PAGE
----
Possible Chinese Invasion of Taiwan Snagged by Ukraine War: Ex-NATO Chief

The West's collective response to Russia's invasion of Ukraine may have delayed China's plans to attack Taiwan, former NATO chief Anders Fogh Rasmussen said.

"That's also one of the reasons why the Chinese are not comfortable with the Russian attack on Ukraine, because China has learned that the West can actually unite on delivery of weapons to Ukraine, on severe, crippling sanctions against Russia," Rasmussen told Newsweek on Wednesday.

"And the Chinese realize that they could be subject to exactly the same treatment if they were to attack Taiwan."

Rasmussen was NATO secretary-general from 2009 to 2014, and prime minister of Denmark for eight years before that. He is hosting the two-day Copenhagen Democracy Summit on June 9 and 10.

More than 100 days since President Vladimir Putin of Russia launched a full-scale military campaign against Ukraine, China watchers have speculated on whether the Kremlin's adventurism would embolden Beijing to attempt something similar.

The United States has committed tens of billions in military aid to Kyiv, but the Biden administration made it clear that no American troops would be involved in a direct clash with Russian forces.

When it comes to Taiwan, a democratic island coveted by the Chinese leadership for decades, Washington had been more ambiguous about its potential response—until President Joe Biden appeared to break that taboo last month.

Speaking in Tokyo on a tour of Asia, Biden answered "yes" when asked whether the U.S. would "get involved militarily to defend Taiwan," even though he believed an invasion wouldn't be attempted.

The president's rationale has links to Ukraine, too, and spoke to a need for Washington to demonstrate resolve in the face of growing Chinese pressure against Taiwan.

"The idea that [Taiwan] can be taken by force...is just not appropriate. It will dislocate the entire region and be another action similar to what happened in Ukraine," Biden said. "And so it's a burden that is even stronger."

Rasmussen believes the president's off-the-cuff comments will now factor into Beijing's thinking when it comes to Taiwan.

"Biden spoke from his heart, when he—for the second time—expressed the policy that if Taiwan is attacked by mainland China, the U.S. will help and defend Taiwan. So for the Chinese, this is a very delicate situation," said the ex-NATO chief.

"And the bottom line is that the war in Ukraine has postponed the timing of a possible Chinese attack on Taiwan. Not stopped."

'Reunification' Plan

President Xi Jinping of China has articulated a vision of "reunification" with Taiwan by the middle of the century, the former Danish PM said.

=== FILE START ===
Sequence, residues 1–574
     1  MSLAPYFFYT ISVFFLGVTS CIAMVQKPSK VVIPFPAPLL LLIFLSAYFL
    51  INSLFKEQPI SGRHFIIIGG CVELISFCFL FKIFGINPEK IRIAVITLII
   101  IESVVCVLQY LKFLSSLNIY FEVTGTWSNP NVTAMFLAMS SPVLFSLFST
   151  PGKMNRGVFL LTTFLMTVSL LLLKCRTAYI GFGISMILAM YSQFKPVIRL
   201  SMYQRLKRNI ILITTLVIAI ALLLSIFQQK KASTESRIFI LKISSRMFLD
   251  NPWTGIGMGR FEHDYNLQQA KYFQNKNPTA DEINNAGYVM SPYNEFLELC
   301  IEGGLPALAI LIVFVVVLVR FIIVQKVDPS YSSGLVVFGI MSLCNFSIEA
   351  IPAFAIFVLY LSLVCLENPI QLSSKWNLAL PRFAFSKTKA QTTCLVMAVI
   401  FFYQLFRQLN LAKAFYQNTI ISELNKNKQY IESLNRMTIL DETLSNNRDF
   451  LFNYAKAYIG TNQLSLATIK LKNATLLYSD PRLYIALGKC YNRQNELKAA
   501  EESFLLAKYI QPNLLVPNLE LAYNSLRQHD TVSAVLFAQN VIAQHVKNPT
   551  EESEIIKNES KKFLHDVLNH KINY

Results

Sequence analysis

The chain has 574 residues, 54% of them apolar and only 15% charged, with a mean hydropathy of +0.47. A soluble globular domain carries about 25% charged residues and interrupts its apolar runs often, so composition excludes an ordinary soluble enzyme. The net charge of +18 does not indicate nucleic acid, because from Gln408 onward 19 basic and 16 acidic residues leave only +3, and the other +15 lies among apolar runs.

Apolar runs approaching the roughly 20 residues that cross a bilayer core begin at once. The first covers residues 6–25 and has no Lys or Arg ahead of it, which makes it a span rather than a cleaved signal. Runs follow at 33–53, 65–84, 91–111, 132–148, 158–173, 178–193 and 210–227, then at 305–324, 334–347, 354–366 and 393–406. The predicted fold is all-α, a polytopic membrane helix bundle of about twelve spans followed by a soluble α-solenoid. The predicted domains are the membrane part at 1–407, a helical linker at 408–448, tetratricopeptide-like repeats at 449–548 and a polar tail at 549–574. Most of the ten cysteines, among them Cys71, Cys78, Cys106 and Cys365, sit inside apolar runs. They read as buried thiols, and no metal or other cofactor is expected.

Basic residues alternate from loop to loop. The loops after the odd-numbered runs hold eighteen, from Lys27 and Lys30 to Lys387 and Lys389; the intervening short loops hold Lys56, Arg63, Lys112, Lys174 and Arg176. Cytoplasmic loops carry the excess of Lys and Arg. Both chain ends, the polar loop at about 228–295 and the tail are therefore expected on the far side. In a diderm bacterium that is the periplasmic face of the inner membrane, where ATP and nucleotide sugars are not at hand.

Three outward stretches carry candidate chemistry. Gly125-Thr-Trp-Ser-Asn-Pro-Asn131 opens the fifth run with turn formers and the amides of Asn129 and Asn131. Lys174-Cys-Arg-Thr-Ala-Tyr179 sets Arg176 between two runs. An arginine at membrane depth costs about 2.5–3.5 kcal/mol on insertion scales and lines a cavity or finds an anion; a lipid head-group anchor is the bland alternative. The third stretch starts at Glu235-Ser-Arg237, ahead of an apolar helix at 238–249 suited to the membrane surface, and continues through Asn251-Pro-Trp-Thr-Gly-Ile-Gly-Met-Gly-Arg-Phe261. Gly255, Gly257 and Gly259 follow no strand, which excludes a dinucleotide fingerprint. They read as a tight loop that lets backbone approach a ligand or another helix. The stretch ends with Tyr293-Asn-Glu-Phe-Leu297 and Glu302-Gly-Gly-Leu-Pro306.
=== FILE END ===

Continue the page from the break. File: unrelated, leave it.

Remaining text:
"That is in 2049. And the Chinese are very patient people. So I think it's still their ambition to get this reunification and, if need be, by force. But it has become much more complicated now."

U.S. officials including CIA Director William Burns believe Beijing was surprised by Moscow's initial struggles in its now protracted siege on Kyiv, so much so that they may have changed China's own calculus—but not its determination— regarding its designs on Taiwan.

Analysts believe these lessons relate to its strategic approach rather than its timeline or political objectives. In April, Taiwan's defense minister, Chiu Kuo-cheng, said the war would change Beijing's invasion playbook.

"The Russia-Ukraine war has informed all countries, including our own, and our enemy is no exception," said Chiu. "We must continue to monitor [the situation] closely. We have a very good opportunity to learn, and we will use it."

Biden's remarks may have reinforced the Chinese assumption about intervention by the U.S. and others. Defense Secretary Lloyd Austin is certain to be pressed on the subject while in Singapore, where he plans to meet China's defense minister, Gen. Wei Fenghe, on the sidelines of the IISS Shangri-La Dialogue this weekend.

Rasmussen's views on China's delayed invasion plans aren't shared across the board. Senior U.S. defense officials traveling to Asia this week told reporters they didn't see any meaningful changes in Beijing's timeline resulting from the war in Ukraine.

"We have substantial concerns about China's growing capabilities and the changing intensions in the Indo-Pacific, including around Taiwan, but don't think that Ukraine has been a substantial factor in accelerating or reducing that activity," one official said.

Ukraine War Postpones China Invasion Of Taiwan—Rasmussen
Former NATO chief Anders Fogh Rasmussen speaks during a hearing on Capitol Hill in Washington, D.C., on February 26, 2019. Rasmussen told Newsweek on June 8, 2022, that the West’s response to Russia’s war against Ukraine may have postponed China’s own plans to invade Taiwan. MANDEL NGAN/AFP via Getty Images